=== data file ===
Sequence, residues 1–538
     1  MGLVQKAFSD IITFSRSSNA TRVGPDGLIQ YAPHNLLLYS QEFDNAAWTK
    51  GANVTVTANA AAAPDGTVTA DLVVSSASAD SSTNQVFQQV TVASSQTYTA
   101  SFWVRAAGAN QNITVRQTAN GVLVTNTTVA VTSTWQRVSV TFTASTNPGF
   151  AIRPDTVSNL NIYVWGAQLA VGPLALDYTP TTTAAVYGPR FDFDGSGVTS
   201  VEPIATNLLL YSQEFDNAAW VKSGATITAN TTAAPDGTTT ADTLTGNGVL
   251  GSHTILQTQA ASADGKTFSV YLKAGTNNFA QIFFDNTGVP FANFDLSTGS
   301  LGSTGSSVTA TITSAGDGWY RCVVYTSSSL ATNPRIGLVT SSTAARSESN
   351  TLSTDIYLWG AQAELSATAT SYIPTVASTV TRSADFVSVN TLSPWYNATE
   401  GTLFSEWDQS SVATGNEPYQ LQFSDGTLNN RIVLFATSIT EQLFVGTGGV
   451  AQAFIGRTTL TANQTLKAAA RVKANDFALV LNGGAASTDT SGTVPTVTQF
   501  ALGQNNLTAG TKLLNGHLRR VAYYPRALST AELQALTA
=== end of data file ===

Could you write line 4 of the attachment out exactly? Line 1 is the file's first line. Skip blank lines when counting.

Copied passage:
   101  SFWVRAAGAN QNITVRQTAN GVLVTNTTVA VTSTWQRVSV TFTASTNPGF